You'll need battery heaters if you don't drive every day, and live in a climate with weather below freezing. With 1" of insulation, you only need about 20-40 watts per square foot of battery area. With less insulation, more heat is needed. A typical battery heating blanket is shown at right. They come in various lengths and wattages, and sell in auto parts stores for $20-$60. It's a plastic bag, with about 1/4" of insulation inside and a long piece of nichrome resistance wire. The wire is attached to a thin sheet of aluminum foil, to hold it in position and (in theory) spread out the heat. The foil is connected to the AC line cord's ground wire in case something shorts.
You can use these as-is, but I've found they are a little too crude to work dependably. There is no thermostat, so the battery temperature is uncontrolled. There is no fuse, so if it gets wet or pinched it can even start a fire! For reliable operation, it is better to repackage them, and add a fuse and thermostat.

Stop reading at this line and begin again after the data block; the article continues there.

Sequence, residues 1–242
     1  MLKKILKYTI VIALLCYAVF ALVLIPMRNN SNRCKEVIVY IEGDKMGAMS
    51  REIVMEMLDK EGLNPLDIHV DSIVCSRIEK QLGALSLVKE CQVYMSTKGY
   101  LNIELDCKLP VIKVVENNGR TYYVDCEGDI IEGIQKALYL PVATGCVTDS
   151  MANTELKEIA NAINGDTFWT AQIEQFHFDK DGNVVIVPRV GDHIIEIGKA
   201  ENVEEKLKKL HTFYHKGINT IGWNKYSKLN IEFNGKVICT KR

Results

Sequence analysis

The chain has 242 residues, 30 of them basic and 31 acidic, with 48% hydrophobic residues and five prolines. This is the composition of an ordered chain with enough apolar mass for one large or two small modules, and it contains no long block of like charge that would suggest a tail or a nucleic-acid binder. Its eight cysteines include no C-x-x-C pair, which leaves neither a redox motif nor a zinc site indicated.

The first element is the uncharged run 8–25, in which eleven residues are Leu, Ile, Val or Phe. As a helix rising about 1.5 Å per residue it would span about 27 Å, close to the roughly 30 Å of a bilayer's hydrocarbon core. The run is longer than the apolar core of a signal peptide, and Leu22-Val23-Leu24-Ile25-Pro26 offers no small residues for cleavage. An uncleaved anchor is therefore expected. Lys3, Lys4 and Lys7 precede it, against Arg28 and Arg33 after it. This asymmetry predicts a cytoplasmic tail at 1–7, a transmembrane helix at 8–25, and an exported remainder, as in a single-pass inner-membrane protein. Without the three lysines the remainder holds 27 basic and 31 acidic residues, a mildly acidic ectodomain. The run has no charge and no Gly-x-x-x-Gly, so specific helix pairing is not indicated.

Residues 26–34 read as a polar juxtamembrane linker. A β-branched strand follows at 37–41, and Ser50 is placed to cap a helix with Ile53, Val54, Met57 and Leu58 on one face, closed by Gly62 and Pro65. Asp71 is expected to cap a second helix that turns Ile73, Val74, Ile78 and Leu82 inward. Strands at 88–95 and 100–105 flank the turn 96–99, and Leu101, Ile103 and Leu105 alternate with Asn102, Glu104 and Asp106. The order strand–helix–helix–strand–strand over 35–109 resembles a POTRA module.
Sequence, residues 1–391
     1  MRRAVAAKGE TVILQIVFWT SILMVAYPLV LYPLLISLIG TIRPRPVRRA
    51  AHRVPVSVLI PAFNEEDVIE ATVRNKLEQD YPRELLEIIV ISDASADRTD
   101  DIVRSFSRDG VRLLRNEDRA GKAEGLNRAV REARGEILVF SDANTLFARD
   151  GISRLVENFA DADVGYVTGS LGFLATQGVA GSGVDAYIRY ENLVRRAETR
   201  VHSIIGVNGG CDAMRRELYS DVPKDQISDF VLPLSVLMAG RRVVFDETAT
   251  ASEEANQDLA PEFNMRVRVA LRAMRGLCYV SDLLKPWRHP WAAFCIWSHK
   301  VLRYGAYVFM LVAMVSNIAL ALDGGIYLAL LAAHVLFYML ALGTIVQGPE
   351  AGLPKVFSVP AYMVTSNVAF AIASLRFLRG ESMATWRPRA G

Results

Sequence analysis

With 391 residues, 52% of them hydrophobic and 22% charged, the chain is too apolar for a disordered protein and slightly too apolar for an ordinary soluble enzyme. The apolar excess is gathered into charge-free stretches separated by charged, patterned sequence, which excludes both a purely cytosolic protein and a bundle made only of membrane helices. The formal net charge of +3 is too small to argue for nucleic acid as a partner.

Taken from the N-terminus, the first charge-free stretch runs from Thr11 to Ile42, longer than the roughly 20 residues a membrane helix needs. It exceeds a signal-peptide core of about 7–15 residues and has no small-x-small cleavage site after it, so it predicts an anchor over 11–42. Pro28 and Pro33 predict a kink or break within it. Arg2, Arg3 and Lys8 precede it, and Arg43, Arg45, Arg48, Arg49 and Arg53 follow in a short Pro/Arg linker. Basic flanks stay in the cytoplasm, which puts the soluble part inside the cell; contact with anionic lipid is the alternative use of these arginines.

Here's an inexpensive way to do it. Cut a sheet of aluminum about the size of the floor of your battery box. Take the heater apart, carefully separate the resistance wire, and temporarily tape it to the aluminum sheet. Space the wires out evenly -- if they cross or even get too close to each other, you'll get a "hot spot" that will fail. Connect the ground wire to the aluminum sheet.
Get a 10-ounce tube of high-temperature silicone sealant (intended for sealing furnace ducts and chimney flues) from your local lumber company. Apply it to the wires with a caulk gun. Cover it with aluminum foil or a polyethylene plastic sheet, so you can push the sealant around and squeeze out the air pockets without making a mess. If this heater is for flooded batteries, apply plastic to both sides with the silicone sealant to prevent corrosion and ground fault leakage currents.
Silicone needs exposure to air and moisture to cure, so it will take a long time to fully set. But with the plastic or foil cover, you don't have to wait before handling and installing it. The left photo shows one of my repackaged battery heaters.